T-Mobile removes Huawei from cell towers, core network ‘will follow later’

Replacing Huawei with Ericsson is part of revamping the radio and antenna network, reports T-MobileIt is not known how much money was involved in the deal. The provider says it will take two to three years for Huawei to be replaced from the network edge.

Huawei equipment that T-Mobile is currently using there will be phased out as it needs to be replaced, a spokesperson for the telecom company said. “We’re not getting rid of equipment that’s still good now.”

Network core

It will therefore bid farewell to Huawei as a supplier in the years to come. Also in the network core. But how long it will take is unclear. A T-Mobile spokesman did not have an answer to that question.

Huawei has quickly fallen into disrepute in recent years over fears of possible espionage for the Chinese government. Of all the providers in the Netherlands, T-Mobile uses Huawei equipment the most.

No core equipment

In the Netherlands, Huawei – just like in many other countries – is banned by the government, although the company is under policy never mentionedAccording to the government, only goods from trusted suppliers that are ‘not under the influence of malicious parties’ can be used in key parts of the network.

And with that, Huawei was de facto removed from the network core. At the network end, the providers themselves can decide which supplier they choose.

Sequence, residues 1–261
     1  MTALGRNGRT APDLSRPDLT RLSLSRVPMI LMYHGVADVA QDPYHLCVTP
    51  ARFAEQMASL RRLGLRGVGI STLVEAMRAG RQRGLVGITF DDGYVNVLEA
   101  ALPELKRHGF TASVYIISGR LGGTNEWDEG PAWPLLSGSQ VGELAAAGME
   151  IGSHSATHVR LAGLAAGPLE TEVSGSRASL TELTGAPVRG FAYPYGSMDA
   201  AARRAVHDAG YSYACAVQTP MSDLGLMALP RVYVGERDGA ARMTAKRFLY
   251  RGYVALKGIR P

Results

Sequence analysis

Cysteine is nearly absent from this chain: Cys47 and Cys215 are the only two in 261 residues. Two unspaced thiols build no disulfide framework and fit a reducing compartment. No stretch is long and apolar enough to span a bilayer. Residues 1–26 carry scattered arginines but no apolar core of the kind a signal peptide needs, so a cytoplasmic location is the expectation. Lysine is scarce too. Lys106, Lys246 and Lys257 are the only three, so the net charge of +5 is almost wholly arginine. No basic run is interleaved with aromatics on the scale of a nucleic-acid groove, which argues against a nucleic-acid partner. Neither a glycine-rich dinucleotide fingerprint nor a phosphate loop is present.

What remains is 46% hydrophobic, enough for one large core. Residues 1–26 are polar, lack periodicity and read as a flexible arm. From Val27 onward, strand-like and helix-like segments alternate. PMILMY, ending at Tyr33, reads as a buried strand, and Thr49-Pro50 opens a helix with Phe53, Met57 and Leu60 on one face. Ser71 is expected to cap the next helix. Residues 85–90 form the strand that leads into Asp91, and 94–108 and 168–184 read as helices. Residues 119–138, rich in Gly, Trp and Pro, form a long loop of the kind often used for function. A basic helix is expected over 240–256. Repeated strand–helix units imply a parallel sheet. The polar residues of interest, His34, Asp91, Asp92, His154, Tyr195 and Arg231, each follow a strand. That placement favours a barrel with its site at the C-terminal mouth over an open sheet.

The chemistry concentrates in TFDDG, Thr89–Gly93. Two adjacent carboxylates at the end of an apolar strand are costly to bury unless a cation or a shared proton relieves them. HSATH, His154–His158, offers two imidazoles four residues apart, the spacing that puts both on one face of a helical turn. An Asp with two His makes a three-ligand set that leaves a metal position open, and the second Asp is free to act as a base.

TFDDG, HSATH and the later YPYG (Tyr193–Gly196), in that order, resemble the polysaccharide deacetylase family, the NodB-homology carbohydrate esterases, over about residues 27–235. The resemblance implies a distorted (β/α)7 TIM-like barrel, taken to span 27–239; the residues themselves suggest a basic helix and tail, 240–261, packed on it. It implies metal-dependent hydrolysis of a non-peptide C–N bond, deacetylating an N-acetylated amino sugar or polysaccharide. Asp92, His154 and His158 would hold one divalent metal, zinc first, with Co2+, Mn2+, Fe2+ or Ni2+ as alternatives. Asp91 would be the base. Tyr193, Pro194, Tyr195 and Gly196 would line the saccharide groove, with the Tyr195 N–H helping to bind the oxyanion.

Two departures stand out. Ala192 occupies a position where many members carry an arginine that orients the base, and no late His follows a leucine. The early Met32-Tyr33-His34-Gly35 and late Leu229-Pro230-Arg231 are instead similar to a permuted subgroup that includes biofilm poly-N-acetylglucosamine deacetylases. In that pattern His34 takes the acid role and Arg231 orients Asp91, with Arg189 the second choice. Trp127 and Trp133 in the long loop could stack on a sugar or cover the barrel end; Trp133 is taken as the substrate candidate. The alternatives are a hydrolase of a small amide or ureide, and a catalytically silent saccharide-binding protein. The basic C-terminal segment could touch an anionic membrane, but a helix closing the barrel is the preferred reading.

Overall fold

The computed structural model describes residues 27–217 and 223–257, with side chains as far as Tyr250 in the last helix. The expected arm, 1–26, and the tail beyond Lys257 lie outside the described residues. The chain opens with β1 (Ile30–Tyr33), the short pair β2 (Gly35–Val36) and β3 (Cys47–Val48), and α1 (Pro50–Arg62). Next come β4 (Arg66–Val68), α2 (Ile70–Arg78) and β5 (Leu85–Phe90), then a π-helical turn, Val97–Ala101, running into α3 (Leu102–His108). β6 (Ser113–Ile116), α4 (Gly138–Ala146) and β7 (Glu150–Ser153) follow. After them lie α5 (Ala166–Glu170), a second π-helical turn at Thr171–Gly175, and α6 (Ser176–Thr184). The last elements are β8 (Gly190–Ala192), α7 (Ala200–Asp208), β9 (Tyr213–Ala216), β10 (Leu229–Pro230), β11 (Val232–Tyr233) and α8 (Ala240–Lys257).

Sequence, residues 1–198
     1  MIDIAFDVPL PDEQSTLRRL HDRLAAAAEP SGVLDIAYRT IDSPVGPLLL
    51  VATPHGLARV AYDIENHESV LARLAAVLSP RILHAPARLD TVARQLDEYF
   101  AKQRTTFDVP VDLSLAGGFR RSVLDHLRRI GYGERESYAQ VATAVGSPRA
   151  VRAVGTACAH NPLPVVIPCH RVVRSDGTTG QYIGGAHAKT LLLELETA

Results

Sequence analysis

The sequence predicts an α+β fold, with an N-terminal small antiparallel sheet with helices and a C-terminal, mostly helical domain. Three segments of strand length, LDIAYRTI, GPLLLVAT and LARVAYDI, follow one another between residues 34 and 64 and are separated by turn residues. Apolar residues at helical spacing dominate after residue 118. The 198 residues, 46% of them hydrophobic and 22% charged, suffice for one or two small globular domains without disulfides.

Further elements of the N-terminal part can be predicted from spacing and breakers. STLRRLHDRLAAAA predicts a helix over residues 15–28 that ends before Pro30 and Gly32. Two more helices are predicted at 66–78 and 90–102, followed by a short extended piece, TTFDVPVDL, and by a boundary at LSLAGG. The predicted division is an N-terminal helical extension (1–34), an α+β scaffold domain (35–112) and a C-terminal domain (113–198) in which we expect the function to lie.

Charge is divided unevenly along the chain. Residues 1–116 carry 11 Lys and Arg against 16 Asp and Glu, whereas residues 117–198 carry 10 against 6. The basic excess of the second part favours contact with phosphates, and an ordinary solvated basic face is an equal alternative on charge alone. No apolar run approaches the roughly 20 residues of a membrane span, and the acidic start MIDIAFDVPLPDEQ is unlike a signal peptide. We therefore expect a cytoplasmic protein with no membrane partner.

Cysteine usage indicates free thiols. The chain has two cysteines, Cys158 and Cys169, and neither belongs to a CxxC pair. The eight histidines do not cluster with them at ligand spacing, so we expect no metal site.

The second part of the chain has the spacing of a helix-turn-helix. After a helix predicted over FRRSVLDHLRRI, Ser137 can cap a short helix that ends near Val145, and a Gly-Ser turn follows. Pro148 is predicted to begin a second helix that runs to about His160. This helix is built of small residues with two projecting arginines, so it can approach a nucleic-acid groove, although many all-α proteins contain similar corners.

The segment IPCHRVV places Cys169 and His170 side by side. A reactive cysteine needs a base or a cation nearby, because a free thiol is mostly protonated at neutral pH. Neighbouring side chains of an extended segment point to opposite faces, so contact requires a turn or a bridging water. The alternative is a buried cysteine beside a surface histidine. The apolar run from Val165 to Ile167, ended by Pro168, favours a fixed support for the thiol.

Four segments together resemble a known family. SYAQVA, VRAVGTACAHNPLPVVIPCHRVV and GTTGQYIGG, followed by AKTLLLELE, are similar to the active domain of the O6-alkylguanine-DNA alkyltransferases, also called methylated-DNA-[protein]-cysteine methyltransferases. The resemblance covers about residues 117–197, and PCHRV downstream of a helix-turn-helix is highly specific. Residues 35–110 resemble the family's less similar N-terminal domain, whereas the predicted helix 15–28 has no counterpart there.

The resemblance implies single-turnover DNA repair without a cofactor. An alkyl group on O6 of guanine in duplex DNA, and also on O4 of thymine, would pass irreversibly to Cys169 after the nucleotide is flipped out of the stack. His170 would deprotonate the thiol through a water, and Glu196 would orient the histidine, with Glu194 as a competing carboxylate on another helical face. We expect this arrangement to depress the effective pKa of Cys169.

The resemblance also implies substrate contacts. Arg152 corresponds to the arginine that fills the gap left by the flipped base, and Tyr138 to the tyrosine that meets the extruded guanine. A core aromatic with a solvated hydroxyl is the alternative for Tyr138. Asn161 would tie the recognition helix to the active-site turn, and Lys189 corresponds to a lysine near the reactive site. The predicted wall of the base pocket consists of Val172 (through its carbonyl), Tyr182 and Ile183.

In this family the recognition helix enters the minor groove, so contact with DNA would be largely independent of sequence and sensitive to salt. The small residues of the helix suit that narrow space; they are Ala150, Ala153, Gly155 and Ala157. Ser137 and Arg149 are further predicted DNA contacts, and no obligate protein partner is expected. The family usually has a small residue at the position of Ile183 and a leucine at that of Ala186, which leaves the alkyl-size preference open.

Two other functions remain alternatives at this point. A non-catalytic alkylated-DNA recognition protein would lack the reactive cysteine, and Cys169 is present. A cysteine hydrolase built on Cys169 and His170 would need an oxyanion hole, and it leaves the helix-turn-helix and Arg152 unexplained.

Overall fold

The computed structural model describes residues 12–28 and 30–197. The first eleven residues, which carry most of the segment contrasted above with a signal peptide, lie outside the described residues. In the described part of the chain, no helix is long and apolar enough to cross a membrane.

The telecommunications company will be notified in a confidential decision about the equipment of concern. The government has not communicated about how much time providers have for this.

However, as a result of the decision, it turns out that Huawei is no longer supplying 5G core equipment to a Dutch telecommunications companyright

Vodafone no longer has the stuff from Huawei at the core of the network. KPN will remove those things from the network, like T-Mobile, but will still use Huawei’s 5G antenna.

Huawei ban

Huawei is controversial in many western countries. Politicians and critics worry that the Chinese government could spy on or even sabotage it through Huawei.

Evidence for this was never provided. But politicians want to rule out the dangers. That’s why Huawei has been banned from networks in some countries, such as in Sweden and the UK.

Rebecca Burke

"Coffee trailblazer. Analyst. General music geek. Bacon maven. Devoted organizer. Incurable internet ninja. Entrepreneur."

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